Friday, September 30, 2011


Yeah, who knows what that time is supposed to mean.

I mean, last year's duathlon time seemed pretty meaningless because I didn't have much to compare it to and now that I do have another duathlon to compare it to, it still seems pretty useless.

The distances were slightly different and OH BY THE WAY the courses were like night and friggen THE MOON or something.

Um, Mermaid Series people - publish a fucking elevation chart, you asses.

Yeah - I could try to get below the fold before launching into my tirade, but that would be so unFinny of me, why bother - I say.

This is on the way out to the ride. I had no idea. Which is why I'm smiling and not flipping the bird.

People, there were some not-messing-around steeps on the bike course. Like - for most people, it was Get Off Your Bike And Hike time. Particularly since the race organizers were all, "Oh yeah, lots of people ride mountain bikes and cruisers for the bike course!" and everything.

Which - not nice.

Though, the super low gears you get on a mountain bike would have been nice for reminiscent of mountains we hit twice on the 12 mile loop.

To say that I had not geared down properly for the first climb would be an understatement. And to say that I nearly crapped my chamois when we had to, on the return, travel DOWN this Everest-like incline on a grade that taxed my brakes beyond their comfort zone would again be a liberal use of the words HOLY SHIT.

There were some wide eyeballs coming down that hill, to put it plainly. Shit was steep.

And, oh, what's up with the friggen SURPRISE beach portion on both the start and finish legs of the run?

Not. In. The. Race. Materials.

Dirty pool, people. I just hosed a pair of running shoes, thankyouverymuch, because now they're irretrievably filled with sand and annoyance.

But, despite all the bitching I just laid out for you right there - I had fun. I had fun and I ran strong and I biked well enough and Bubba found me on nearly every leg of the race and then he took a video which is weird to watch because it looks like I'm just AOK except that I know that I was cursing a thousand fiery deaths upon the crotch who decided that a beach finish would be a good idea for the duathlon course while slogging through the loose sand presented by the Capitola beach.

But, all is forgiven when the Finishers' breakfast is laid out beautifully by Capitola Whole Foods, complete with tablecloths, floral centerpieces, Good Belly and pancakes and an ocean view.

Who doesn't love freshly baked banana bread and some yogurt thing with a smiley face? Communists and assholes, that's who.

Meanwhile, after my WHAT THE FUCK ARE YOU TALKING ABOUT BEACH FINISH PLUS HILLS ON THE BIKE COURSEing, I finished 9th in my age group and 45th overall.

That's right. T1 is still full of bikes. SCORE.

Not too shabby for a girl who never did any official training and did the bike course on a yet to be named orange spicy roadbike.

Forgive me, friends, I just can't commit. I've tried out all your suggestions, and some not perfect ones presented by Bubba and some super not perfect ones suggested by yours truly and nothing's sticking.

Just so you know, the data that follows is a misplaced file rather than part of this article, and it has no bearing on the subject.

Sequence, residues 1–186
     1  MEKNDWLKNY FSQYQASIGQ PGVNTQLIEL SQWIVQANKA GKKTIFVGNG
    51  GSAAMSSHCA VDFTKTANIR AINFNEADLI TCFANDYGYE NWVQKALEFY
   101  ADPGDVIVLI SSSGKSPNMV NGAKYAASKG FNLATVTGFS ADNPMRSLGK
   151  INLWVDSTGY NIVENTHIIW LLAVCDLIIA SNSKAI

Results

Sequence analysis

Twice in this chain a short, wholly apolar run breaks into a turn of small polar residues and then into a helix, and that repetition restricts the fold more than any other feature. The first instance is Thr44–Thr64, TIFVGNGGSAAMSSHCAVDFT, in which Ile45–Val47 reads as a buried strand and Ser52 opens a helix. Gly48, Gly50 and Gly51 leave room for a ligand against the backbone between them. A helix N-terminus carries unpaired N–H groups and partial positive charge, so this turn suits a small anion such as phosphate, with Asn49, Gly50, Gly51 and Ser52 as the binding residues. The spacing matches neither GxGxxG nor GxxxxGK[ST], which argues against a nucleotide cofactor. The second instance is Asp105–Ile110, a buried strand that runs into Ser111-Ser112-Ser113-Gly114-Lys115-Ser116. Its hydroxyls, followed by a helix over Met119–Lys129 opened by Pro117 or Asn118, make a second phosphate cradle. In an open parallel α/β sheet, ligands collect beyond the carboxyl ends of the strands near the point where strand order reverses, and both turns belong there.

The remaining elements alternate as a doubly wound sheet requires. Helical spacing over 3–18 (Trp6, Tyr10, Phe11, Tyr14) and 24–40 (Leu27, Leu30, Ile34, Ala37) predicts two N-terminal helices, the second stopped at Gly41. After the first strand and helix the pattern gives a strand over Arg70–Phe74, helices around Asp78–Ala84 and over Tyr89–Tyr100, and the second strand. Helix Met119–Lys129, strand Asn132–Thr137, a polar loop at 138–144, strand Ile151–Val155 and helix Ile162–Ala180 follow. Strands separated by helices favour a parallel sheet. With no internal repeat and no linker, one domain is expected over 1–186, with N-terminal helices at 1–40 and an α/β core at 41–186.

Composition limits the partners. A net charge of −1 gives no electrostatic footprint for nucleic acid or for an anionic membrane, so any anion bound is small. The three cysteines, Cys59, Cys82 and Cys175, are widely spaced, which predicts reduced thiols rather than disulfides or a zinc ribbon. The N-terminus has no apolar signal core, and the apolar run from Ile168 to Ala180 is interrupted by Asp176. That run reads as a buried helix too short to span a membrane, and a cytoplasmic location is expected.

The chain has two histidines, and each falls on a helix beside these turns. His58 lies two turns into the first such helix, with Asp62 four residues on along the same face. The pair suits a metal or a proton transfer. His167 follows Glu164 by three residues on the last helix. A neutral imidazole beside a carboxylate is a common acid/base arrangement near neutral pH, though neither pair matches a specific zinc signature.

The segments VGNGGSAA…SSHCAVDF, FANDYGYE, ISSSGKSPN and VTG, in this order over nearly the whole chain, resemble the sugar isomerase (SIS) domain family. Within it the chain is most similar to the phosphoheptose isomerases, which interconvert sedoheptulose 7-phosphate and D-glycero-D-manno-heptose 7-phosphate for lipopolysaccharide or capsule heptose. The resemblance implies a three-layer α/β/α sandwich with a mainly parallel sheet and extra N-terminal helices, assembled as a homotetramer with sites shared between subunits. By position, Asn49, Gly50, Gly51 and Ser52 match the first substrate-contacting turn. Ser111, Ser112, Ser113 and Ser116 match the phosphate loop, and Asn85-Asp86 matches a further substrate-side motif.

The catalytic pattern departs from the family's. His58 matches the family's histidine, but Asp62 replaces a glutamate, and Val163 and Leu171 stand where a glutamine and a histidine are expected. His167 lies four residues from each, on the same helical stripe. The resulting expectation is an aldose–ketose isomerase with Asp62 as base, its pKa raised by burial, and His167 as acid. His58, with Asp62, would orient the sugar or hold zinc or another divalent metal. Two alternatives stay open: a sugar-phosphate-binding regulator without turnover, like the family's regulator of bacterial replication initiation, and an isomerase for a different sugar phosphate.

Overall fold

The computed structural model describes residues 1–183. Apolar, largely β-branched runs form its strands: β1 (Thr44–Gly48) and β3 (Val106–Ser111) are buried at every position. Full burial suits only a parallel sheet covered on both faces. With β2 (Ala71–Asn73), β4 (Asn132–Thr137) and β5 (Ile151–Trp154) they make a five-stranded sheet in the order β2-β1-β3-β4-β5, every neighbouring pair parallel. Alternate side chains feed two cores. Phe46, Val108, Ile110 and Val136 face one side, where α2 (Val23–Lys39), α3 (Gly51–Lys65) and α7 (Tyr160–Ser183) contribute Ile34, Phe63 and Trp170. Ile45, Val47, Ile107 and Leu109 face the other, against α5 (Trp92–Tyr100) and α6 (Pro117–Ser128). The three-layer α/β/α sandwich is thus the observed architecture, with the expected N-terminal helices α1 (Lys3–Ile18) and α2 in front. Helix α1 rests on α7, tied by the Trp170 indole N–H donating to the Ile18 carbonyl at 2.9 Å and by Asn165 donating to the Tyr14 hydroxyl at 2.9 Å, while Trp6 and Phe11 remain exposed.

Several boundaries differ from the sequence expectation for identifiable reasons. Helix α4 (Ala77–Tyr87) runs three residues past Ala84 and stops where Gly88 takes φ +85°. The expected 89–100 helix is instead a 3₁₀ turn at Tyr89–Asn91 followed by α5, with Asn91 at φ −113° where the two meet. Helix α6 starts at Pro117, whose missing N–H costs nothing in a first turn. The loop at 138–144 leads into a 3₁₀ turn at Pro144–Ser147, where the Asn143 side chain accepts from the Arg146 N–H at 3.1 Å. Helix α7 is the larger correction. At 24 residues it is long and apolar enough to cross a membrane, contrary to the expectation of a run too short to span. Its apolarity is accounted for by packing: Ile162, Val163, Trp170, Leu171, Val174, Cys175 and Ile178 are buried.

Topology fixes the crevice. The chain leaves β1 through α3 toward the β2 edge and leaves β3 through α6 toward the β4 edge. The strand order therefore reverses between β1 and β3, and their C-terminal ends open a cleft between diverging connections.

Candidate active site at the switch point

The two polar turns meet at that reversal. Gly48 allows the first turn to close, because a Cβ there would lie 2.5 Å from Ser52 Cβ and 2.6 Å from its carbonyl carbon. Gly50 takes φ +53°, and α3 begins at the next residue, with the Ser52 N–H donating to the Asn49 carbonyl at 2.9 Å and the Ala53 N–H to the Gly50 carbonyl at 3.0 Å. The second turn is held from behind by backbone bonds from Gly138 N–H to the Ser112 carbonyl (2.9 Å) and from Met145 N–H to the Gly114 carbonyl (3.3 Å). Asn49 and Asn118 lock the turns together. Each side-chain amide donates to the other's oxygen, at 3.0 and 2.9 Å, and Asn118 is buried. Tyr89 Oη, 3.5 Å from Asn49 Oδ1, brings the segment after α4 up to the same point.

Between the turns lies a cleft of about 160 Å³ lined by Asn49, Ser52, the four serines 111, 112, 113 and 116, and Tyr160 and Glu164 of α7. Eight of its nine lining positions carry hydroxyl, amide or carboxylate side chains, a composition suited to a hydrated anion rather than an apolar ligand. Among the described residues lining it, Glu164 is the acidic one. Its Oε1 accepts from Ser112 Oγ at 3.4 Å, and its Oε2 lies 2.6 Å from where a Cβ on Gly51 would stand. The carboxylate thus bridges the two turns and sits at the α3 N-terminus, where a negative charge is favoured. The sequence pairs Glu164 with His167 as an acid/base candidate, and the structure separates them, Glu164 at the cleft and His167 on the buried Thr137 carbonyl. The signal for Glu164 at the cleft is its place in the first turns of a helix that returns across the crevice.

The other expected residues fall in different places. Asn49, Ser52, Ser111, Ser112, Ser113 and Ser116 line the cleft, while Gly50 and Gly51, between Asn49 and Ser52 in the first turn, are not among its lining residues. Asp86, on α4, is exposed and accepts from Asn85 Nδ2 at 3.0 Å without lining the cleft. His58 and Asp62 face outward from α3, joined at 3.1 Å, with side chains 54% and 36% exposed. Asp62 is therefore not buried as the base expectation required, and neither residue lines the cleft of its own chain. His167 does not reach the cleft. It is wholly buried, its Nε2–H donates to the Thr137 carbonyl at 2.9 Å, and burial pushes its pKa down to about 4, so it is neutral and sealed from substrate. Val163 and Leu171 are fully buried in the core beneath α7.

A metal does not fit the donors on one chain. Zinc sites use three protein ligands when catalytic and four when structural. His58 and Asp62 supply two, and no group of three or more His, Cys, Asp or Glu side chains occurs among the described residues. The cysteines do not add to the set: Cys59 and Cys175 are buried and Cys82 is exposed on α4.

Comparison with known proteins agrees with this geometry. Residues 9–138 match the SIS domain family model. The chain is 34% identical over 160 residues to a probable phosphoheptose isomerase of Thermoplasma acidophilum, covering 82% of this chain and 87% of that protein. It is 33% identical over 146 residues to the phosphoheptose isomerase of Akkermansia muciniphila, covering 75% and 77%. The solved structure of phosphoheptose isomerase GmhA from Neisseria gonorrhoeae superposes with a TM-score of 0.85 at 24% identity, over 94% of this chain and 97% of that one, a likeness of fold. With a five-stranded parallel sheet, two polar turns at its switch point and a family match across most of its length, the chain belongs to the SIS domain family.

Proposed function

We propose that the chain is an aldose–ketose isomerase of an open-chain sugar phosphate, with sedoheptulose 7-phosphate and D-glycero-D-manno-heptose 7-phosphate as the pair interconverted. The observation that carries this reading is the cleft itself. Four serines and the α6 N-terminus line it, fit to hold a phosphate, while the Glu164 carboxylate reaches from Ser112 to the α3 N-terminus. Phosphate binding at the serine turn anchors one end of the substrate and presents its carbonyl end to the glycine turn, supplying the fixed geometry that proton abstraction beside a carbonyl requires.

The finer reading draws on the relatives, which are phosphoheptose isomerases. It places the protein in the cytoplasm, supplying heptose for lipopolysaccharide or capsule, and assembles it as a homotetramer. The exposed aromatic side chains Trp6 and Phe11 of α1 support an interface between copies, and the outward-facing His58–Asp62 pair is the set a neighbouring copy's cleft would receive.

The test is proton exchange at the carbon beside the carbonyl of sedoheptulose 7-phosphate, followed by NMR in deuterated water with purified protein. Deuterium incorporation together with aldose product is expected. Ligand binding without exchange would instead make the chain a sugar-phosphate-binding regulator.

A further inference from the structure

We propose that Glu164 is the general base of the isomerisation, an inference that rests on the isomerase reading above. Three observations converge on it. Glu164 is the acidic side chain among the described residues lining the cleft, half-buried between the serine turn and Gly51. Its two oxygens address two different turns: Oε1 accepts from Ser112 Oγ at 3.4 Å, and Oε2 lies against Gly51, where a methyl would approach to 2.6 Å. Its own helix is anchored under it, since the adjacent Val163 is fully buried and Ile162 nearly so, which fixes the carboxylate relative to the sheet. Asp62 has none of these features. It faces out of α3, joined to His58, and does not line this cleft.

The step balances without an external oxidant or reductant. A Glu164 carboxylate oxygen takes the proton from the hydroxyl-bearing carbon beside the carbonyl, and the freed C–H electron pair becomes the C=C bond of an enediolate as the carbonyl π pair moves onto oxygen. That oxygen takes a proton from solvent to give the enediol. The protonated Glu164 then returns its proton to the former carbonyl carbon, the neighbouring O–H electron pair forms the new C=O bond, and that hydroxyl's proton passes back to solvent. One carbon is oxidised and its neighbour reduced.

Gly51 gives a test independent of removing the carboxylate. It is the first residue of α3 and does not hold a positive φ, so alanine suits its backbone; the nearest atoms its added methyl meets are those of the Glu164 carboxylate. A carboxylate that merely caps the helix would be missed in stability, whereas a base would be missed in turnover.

Well, one always comes up, but Bubba is so Meh on it that I have a hard time being all, "Yep! That's the one!" because I guess it's not.

Her true name is out there. I guess we'll just have to keep guessing. And I'll keep trying them on her for size. And since I've now outfitted us for dark winter rides to work (got a sweet muther of a headlight and some not sexy clear glasses and some SUPER sexy arm warmers), I'll have more chances to find her a fitting name.

Keep trying, I know you can do it. Because I just can't keep calling her The Roadbike or The Cannondale because that is so lame and boring. Particularly when I can freely and easily call Tulip, Tulip and everyone immediately knows who I'm talking about.

She's the cutest. Though had I tried to ride the bike course with her, I'd be calling her FUCK YOU STAY IN THAT DITCH right now because whoa.

I'm still scarred from the bike course, I guess. Though Bubba thinks that with some proper hill training I can finish in the top 3. Or, as he put it so boldly - "Baby! You could WIN!" - which is adorable.

Thanks, Coach.

Adorable and delusional - this is how I like my mens.

We'll see how next year's duathlon goes. I imagine the finish time will be similarly meaningless, but perhaps I'll ride [Roadbike's New Awesomely Fitting Name] to glory.

Go on - keep trying with those names. And I'll keep trying to win a race. Hey - at least one of these things is possible to achieve.

Friday, September 23, 2011

Let's continue the tradition of pre-race audience participation.

I have a duathlon this weekend, friends.

Yes, that one to which I've vaguely alluded over the past few months during which I've trained barely at all. Formally, anyway.

I mean, I have been riding my bike to work this summer, which is a combined total of 40 miles round trip, so that sort of counts as training for this event of 12 miles of cycling, and I have also been running my usual 3x/week schedule of 2 days of intervals and 1 day of distance, so that sort of also counts toward the combined 4 miles of running, official training.

Basically, I haven't trained for the transition at all. And I haven't done any bike to run or run to bike training as proved so eye-opening during my first bout. And I didn't do that awesome I'm Going To Kick Some Mermaid Ass training of a 3M morning run > bike 20 miles to work > 2M run at work thing that I briefly mentioned to Bubba and, like, two other people when I signed up for this thing earlier this summer.

So, to look at my preparation from a traditional training standpoint, you'd probably expect me to impressively suck and also to mortally wound myself and/or others entering and exiting the transition zones this weekend. And, hey, you might be right on.

Or - you might just be totally wrong.

I think you'd probably be sorta wrong.

But, I'll stop laying this off on you as though you're all just sitting out there being big fat doubters, because this is not how I've raised you.

No, you believe in me. Most of the time (or all of the time), you believe in me more than I believe in myself and, gee, that's awfully sweet of you.

Me though - I think I'll be fine. I figure that I can definitely run the distance and I can certainly bike the distance and since I'm at least not heading into this thing with zero confidence in my ability to use clipless pedals (commuting in these shoes has done wonders for my confidence and notfallingoverness), I'm ahead of last year's abilities as I go out to packet pick-up today.

And then, on Sunday when I head to Santa Cruz, I'll also have my new bike rack all full of My Bike Who Still Needs a Name After Two Years and a bib number 716 spots higher than last year.

85? Am I doing this alone?